Three, it isn’t clear what the solutions even are. The world is better today in many ways. Just because many veterans find their tribe in war and suffer upon returning, it doesn’t follow that we should go to war more often for our mental health.
We can’t rely on technocratic overlords to engineer the perfect utopia. Those always end in dystopias—more Brave New World than 1984. No, any change has to start within each individual, at dinner tables, in friend circles, in one person—you—deciding to do things differently.
I won’t get much into diet or exercise or sunlight or sleep today. Those are major parts of the equation, but I prefer to focus on how the structure of our society impacts depression and how we can transcend it.
These are some ideas. They’re not perfect. They’re not the whole story. And they’re not meant to replace medication or therapy or anything like that. But they won’t hurt….
Listen to the “first voice.” Every time you get that little voice saying “I should finally pick up that book” or “I should walk the dog” or “I wonder what my friends are up to,” DO IT. Don’t let the other voice override you and say “Nah, let’s just stay inside today.” That second voice is destroying you. Do everything you can to ignore it.
In low moments, rather than try to cheer yourself up, be of service to someone. A concerted effort to cheer oneself up often produces the opposite effect. We’re not great at doing it for ourselves, perhaps because at some level we sense it’s all a sham, a ploy to shift around neurotransmitters. But when you help someone else, you’re truly helping them. They feel good, you feel good, and everyone wins.
Chase meaning, not happiness. “Being happy” is hard work. You can’t get there by trying. Figure out what you care about at the deepest level of your being. What stirs you. What, most importantly, you can actually affect with your skillset. If you can manage to imbue every fiber of your being with that purpose, you’ll get going after it. You’ll have something to do, and maybe you’ll have less time for rumination and other things that make your depression worse.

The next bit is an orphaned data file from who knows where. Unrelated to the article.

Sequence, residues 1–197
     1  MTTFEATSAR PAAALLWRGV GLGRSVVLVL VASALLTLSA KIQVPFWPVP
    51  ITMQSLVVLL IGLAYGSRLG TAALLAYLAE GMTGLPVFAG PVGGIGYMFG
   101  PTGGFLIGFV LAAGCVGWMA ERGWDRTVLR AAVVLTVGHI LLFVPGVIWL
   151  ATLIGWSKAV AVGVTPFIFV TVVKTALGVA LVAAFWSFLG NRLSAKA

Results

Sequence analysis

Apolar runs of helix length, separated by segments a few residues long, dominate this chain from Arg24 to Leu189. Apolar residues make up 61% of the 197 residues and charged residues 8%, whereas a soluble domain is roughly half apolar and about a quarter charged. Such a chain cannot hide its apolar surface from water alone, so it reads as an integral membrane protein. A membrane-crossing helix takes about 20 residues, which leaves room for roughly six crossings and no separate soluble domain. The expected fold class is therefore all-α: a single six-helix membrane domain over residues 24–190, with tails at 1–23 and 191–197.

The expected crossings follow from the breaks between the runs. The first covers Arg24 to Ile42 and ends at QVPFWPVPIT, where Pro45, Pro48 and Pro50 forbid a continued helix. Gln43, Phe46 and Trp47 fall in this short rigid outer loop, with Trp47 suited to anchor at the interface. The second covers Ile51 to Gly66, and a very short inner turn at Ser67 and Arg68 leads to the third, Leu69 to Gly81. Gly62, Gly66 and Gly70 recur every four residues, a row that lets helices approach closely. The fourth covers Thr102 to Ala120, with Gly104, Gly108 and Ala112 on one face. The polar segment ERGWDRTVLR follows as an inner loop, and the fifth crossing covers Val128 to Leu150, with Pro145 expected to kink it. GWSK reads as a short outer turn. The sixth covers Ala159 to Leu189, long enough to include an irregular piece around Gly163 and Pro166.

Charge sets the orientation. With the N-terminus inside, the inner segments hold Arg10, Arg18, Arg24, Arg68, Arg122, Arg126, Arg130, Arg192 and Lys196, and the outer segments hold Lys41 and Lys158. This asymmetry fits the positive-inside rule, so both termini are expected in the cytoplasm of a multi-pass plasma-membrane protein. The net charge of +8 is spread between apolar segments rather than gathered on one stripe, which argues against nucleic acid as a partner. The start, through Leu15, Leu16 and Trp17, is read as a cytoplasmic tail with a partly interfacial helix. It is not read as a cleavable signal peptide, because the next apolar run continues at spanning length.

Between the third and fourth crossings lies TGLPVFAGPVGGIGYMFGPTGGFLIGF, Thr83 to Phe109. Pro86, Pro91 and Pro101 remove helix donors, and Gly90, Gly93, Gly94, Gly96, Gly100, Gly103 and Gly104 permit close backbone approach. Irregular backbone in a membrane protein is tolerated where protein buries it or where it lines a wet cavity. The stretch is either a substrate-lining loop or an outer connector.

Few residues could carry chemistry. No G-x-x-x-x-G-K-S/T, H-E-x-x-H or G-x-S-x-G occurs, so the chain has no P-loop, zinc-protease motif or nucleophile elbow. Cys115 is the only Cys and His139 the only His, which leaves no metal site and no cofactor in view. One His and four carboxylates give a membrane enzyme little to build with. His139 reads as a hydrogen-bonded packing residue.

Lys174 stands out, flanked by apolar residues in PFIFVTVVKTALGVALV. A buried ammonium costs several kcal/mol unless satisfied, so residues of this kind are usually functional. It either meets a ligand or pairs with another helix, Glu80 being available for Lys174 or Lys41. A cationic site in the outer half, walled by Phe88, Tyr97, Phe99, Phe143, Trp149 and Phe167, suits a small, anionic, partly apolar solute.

Easier said than done, you might say. Definitely. I haven’t been there myself, but I’ve helped people close to me who have. Clinical depression isn’t just sadness. It’s profoundly demotivating, where taking even the smallest act like getting dressed can be a struggle. Dopamine, the neurotransmitter involved in movement and achievement and motivation, tends to plummet in major depression.
Still, what else is there? You are an individual, not an atom. An atom is separate but unconscious. It has no agency. It simply is. An individual is separate from other individuals but conscious. It has agency. It can form communities, strong bonds. Revel in your personal sovereignty but don’t forget that you’re a social animal who will probably be much happier with a few good friends (who aren’t all wielding smartphones 24-7).
There are other specific things to try. Trawl the scientific literature and you’ll find hundreds of studies showing efficacy for any number of medication-free depression therapies and interventions. None of them are the final answer, though, as much as they can help. Ballroom dancing isn’t going to fix things. Gardening isn’t enough. Heavy squats won’t do it. Plunging into cold water isn’t everything.
It has to be a comprehensive shift.
The common theme running through most of these “alternative” interventions is that it places you square in the midst of cold hard reality. You’re on your knees, handling soil and planting vegetables. You’re dancing, immersed in the music and managing the dynamic interplay between you and your partner. You’re lifting something very heavy. You’re completely submerged in freezing water. These are real. They cannot be escaped or negotiated with. They aren’t running on perpetual loops inside your head. They’re actually happening.
Get as much of that in your life.
In the future, I’ll discuss this topic further. I’ll talk about dietary, exercise, lifestyle, supplement, and psychological modifications we can make.
For now, I’d love to hear from you. Those who’ve dealt with or who currently deal with depression, what’s helped? What hasn’t? What’s your take on the list of social factors that may explain the rise in depression—or the severity of symptoms as you experience them? What do you think we can do—as individuals and as a society—to make things better?
Thanks for reading. Take care.